Thanks to Patrick Mahomes, King of Kansas City (with all due apologies to Roger Miller [and props to the eight readers who will get my archaic reference]), my city and its surrounding suburbs are now home to several Whataburger restaurants.
Now, because there isn’t a particularly close one (yet), and the lines are still at the “OMG OMG OMG, WE’VE GOT A NEW _____” stage, I still haven’t had it. But from what I can tell, it’s like a lot of these things in that people either swear by it, or they don’t think it’s anything too special. What both camps seem to do, however, is compare it to Sonic. (Maybe it’s an Oklahoma/Texas bitter rivalry thing?)
Anyhow, I’ve had Sonic all my life, and in the chain burger hierarchy, I think they’re in my top 3. (Or maybe top 5. I’d probably have to give it some deeper thought.) And while Sonic tends to knock it out of the park on their standards — the chili cheese coney, the bacon cheeseburger, the tots, and the onion rings — its LTOs are much more hit or miss.
It’s my sad duty to report that the new Chophouse Cheeseburger is in the latter camp.
It features Sonic’s beef patty topped with “Chophouse aioli,” fried onion strings, and two slices of American cheese, all situated on a toasted brioche bun. Now, some collateral I came across in my research suggests that the patty is seasoned with “Montreal steak seasoning,” but other things — including the app — don’t mention this. Did I notice a different seasoning on the patty I consumed? I mean… eh? I thought I noticed something, maybe, but it’s hard to tell if I was willing myself into tasting a deviation from a standard Sonic patty or if there was actually something there. In either case, it wasn’t enough to make much of a noticeable difference.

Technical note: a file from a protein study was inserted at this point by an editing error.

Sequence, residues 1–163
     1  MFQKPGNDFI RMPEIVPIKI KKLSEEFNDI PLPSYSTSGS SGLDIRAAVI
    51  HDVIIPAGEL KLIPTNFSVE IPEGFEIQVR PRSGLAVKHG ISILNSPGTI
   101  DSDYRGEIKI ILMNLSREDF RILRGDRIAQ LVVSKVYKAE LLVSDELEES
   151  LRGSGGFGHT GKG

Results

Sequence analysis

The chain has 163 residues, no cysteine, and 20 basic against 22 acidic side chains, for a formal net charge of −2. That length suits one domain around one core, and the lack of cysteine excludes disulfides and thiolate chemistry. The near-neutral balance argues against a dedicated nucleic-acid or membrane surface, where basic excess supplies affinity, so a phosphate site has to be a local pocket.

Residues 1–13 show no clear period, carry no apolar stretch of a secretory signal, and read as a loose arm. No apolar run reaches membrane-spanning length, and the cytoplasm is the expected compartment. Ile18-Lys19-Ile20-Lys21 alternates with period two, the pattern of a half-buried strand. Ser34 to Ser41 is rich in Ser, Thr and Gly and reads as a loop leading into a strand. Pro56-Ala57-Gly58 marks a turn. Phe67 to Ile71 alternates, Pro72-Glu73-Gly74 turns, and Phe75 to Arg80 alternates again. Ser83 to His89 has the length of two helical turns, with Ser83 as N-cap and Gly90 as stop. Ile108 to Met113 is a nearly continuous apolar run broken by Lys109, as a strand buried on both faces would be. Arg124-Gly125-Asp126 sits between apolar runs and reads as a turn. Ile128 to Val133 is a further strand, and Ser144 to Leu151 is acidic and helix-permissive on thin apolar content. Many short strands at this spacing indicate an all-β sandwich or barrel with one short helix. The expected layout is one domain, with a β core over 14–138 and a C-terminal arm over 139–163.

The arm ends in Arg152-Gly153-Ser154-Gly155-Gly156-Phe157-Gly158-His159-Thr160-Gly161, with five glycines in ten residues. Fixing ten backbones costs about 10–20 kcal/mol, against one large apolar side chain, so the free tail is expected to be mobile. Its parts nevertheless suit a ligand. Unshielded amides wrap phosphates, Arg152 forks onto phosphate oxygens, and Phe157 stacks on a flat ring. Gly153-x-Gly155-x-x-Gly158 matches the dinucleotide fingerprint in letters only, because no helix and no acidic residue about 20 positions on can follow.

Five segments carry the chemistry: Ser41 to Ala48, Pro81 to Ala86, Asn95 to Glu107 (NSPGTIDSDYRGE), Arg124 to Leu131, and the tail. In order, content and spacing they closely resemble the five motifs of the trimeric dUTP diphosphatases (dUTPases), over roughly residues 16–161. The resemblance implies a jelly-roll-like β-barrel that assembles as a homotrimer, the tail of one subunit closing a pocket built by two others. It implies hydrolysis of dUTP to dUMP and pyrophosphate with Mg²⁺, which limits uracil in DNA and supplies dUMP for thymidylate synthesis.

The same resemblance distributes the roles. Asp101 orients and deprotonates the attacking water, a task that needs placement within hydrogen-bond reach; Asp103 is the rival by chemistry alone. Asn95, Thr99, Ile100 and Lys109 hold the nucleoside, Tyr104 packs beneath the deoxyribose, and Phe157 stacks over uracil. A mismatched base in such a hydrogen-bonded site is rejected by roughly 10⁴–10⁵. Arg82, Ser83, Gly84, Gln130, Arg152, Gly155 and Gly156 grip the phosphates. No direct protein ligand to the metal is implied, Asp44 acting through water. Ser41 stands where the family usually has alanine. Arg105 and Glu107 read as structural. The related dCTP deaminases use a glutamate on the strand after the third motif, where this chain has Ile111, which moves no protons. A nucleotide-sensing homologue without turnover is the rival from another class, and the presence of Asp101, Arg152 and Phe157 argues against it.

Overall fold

The same is true of the “Chophouse aioli,” a lackluster, oily substance that added absolutely nothing. It barely registered, giving me no sense of what I was supposed to be experiencing. What is chophouse aioli, anyway? Fancy steak mayo? To be fair, and as evidenced by the picture, the burger technician had a very light sauce hand.
What this burger had plenty of, however — too much, in fact — is cheese. Honestly, one slice would have sufficed, as the standard melty Americanness overwhelmed everything except the meat. The fried onion straws added a nice textural element and a welcome sweet component to contrast the saltiness of the proceedings. The brioche bun — which Sonic has used on multiple other burgers — was pedestrian but held up well, as it typically does.
While I appreciate Sonic’s regular efforts at giving customers something new, the Chophouse Cheeseburger doesn’t feel like it’ll create any long-lasting memories, nor will it convince any Whataburger die-hards to switch allegiances.
Now, if you’ll excuse me, maybe I’m finally ready to go sit in a drive-thru for 45 minutes to see if “spicy ketchup” is worth it.
Purchased Price: $5.49
Rating: 5 out of 10
Nutrition Facts: 980 calories, 69 grams of fat, 18 grams of saturated fat, 0 grams of trans fat, 110 milligrams of cholesterol, 1610 milligrams of sodium, 57 grams of carbohydrates, 3 grams of fiber, 12 grams of sugar, and 32 grams of protein.